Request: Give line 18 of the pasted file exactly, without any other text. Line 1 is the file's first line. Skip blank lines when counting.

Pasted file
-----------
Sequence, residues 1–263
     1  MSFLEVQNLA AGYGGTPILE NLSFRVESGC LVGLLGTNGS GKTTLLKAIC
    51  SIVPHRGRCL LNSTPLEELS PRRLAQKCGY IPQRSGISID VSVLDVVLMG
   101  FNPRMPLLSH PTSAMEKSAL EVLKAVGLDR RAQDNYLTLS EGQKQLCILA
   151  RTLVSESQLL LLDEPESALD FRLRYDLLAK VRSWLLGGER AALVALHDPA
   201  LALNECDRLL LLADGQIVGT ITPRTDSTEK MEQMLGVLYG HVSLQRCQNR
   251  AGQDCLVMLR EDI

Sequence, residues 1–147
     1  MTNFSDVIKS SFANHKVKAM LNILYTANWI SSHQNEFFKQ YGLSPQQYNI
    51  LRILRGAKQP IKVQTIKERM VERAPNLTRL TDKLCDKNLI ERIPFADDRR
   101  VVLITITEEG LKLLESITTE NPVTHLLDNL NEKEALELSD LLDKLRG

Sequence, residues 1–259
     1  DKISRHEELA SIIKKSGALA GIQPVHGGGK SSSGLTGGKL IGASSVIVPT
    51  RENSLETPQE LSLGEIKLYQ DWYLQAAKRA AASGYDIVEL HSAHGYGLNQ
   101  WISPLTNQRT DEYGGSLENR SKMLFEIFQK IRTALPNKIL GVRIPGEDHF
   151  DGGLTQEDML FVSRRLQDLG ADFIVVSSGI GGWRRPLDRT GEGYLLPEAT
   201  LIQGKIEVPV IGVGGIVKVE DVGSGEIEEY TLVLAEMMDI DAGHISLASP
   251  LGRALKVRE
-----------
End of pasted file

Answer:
   251  LGRALKVRE